In 2005 the Bad Sex Writing Award was bestowed upon André Brink. In spite of the freedom of expression in our society and the status of being an acclaimed novelist, it would appear that he finds it difficult to write about sex. More difficult then, must be the arena of writing about the ‘taboo’ of child-sex. This essay seeks to explore the representation of child-sex in the novel and how fiction writers attempt to portray a social reality that readers do not ordinarily have access to. The historical and contemporary dilemmas and issues that surround the representation of child-sex provide the matrix of the discussion.
Lolita, The Bluest Eye and The Conservationist have been chosen as the illustrating examples because of their suitability in terms of quality of writing, clarity, and the fact that the sex scenes quoted can maintain meaning in their excerpted form. Notwithstanding the latter aspect, all of the works are included because the sex scenes also connect to the broader themes of the novels, which will be referred to.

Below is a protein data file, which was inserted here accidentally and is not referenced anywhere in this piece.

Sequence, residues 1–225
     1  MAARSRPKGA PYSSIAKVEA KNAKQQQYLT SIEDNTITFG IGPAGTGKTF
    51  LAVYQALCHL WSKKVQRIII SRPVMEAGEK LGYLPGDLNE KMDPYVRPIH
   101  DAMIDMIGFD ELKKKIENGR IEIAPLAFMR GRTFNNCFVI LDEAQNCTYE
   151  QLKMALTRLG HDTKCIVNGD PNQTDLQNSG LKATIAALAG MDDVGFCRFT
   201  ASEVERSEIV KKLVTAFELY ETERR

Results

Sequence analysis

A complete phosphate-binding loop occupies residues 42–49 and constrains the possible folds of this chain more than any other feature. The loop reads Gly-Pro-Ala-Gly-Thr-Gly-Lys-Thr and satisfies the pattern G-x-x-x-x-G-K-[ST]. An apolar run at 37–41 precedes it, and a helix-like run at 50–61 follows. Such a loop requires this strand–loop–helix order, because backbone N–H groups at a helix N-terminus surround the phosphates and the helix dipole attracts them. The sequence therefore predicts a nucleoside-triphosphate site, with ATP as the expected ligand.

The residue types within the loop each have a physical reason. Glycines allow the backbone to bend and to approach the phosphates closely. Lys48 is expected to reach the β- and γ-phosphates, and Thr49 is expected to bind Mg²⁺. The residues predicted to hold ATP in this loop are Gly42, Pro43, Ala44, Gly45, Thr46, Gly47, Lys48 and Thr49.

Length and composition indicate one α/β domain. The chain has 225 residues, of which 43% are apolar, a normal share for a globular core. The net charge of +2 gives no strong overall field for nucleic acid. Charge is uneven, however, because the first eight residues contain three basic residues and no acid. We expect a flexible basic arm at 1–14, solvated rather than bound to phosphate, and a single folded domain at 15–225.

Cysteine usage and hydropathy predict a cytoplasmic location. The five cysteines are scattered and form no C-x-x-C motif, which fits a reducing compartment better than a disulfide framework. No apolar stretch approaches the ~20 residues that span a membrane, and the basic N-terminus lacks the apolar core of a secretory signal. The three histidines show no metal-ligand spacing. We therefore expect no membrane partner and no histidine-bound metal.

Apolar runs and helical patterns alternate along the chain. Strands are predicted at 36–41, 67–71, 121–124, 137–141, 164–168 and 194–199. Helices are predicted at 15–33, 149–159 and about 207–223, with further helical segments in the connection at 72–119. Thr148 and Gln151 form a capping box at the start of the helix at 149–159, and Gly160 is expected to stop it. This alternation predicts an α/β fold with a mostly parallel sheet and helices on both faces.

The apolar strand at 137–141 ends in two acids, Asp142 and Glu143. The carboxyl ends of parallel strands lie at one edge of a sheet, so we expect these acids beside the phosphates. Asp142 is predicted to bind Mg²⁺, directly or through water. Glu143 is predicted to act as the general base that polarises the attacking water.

The novels chosen were all written during the twentieth century. Much of the sex literature written during that century have been influenced by the theories of European sexologists and Sigmund Freud. The deregulated relationship between Eros and Psyche, and the dominant role of the unconscious promulgated by Freud were major influences in liberating writers. “The virtual disappearance of sexual renunciation from western European literature in the twentieth century was part of the Freudian bequest.” (Mills, p278).